Tag Archives: Joseph Ratzinger

The Annunciation of the Lord


Annunciation FAlbani.jpgThe mystery of the annunciation to Mary is not just a
mystery of silence. It is above and beyond all that a mystery of grace. 


We
feel compelled to ask ourselves: Why did Christ really want to be born of a
virgin? It was certainly possible for him to have been born of a normal
marriage. That would not have affected his divine Sonship, which was not
dependent on his virgin birth and could equally well have been combined with
another kind of birth. There is no question here of a downgrading of marriage
or of the marriage relationship; nor is it a question of better safeguarding
the divine Sonship. Why then?


We find the answer when we open the Old Testament
and see that the mystery of Mary is prepared for at every important stage in
salvation history. It begins with Sarah, the mother of Isaac, who had been
barren, but when she was well on in years and had lost the power of giving life,
became, by the power of God, the mother of Isaac and so of the chosen people. 

The
process continues with Anna, the mother of Samuel, who was likewise barren, but
eventually gave birth; with the mother of Samson, or again with Elizabeth, the
mother of John the Baptizer. The meaning of all these events is the same: that
salvation comes, not from human beings and their powers, but solely from
God–from an act of his grace.

Joseph Ratzinger
Co-Workers of the Truth Meditations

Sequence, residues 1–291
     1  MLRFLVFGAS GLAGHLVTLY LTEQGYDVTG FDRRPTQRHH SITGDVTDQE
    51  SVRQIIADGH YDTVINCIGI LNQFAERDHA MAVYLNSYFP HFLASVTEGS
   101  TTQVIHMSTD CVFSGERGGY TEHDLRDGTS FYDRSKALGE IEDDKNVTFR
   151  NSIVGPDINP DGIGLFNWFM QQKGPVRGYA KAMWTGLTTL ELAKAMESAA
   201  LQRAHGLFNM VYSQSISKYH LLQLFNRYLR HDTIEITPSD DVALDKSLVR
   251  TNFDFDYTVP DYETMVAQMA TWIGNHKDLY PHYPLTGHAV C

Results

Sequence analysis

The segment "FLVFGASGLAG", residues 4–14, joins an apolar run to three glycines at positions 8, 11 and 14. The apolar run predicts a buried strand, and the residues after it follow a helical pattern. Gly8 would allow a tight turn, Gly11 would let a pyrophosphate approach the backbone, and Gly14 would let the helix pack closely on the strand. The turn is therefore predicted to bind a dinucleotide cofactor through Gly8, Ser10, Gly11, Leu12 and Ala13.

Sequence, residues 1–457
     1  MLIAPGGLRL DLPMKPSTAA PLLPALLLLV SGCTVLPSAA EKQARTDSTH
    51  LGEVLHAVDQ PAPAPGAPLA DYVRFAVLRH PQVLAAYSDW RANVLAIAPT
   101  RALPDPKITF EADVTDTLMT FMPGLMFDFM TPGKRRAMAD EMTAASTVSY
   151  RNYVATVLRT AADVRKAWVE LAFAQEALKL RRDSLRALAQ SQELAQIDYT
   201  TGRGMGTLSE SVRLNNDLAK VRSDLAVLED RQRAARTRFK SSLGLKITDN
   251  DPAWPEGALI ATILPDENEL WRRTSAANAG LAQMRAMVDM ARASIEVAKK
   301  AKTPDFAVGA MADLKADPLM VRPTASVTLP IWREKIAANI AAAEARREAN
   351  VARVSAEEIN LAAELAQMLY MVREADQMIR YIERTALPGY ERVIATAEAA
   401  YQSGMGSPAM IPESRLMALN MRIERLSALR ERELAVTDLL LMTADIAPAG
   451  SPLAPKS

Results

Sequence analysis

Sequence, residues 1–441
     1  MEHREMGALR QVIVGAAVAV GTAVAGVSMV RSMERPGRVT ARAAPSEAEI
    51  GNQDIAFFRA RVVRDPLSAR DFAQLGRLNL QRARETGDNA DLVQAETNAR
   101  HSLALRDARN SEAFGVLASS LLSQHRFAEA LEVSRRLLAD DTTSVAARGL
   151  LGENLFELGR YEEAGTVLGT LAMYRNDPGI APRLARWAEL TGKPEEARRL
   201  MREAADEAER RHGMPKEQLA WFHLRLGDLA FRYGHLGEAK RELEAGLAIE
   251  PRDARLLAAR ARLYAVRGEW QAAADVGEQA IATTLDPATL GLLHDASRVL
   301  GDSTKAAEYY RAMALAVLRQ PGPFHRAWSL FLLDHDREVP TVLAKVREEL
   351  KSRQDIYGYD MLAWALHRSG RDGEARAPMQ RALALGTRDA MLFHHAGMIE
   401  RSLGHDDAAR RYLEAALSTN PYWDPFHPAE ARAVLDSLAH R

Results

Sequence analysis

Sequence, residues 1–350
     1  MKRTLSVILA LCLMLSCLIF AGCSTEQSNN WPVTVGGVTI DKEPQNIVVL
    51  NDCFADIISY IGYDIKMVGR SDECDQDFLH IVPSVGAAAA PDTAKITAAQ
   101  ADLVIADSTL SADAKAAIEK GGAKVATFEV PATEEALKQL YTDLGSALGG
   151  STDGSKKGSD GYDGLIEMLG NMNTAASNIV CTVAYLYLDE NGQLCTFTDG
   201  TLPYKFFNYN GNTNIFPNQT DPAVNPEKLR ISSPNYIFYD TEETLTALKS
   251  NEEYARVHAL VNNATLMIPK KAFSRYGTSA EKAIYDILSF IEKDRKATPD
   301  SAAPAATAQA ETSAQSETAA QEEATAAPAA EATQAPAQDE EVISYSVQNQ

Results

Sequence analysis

for Every Day of the Year
(1992), 99-100.

Joseph Ratzinger’s “The pastoral approach to marriage should be founded on truth”

From a little known text by Cardinal Joseph Ratzinger published in 1998

The pastoral approach to marriage should be founded on truth

Concerning some objections to the Church’s teaching on the reception of Holy Communion by divorced and remarried members of the faithful

In 1998 Cardinal Joseph Ratzinger, Prefect of the Congregation for the Doctrine of the Faith, introduced the volume entitled “On the Pastoral Care of the Divorced and Remarried,” published by the Libreria in the CDF’s series (“Documenti e Studi”, 17). Because of its current interest and breadth of perspective, we reproduce below the third part along with the addition of three notes. The text was published today by L’Osservatore Romano.


The Letter of the Congregation for the Doctrine of the Faith of 14 September 1994 concerning the reception of Holy Communion by divorced and remarried members of the faithful was met with a very lively response across wide sections of the Church. Along with many positive reactions, more than a few critical voices were also heard. The fundamental objections against the teaching and practice of the Church are outlined below in simplified form.

Several of the more significant objections – principally, the reference to the supposedly more flexible practice of the Church Fathers which would be the inspiration for the practice of the Eastern Churches separated from Rome, as well as the allusion to the traditional principles of epicheia and of aequitas canonica – were studied in-depth by the Congregation for the Doctrine of the Faith. Articles by Professors Pelland, Marcuzzi and Rodriguez Luño 2, among others, were developed in the course of this study. The main conclusions of the research, which suggest the direction of an answer to the objections, will be briefly summarized here.

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The Word of God is everything: hearing what the WORD has to say

I am reading Verbum Domini with great eagerness. I am talking my reading seriously and trying to ponder what the Pope has given us as a path to Christ and to live as an authentic Christian today. Let’s recall the extraordinary address of Pope Benedict XVI on October 6, 2008 where he said: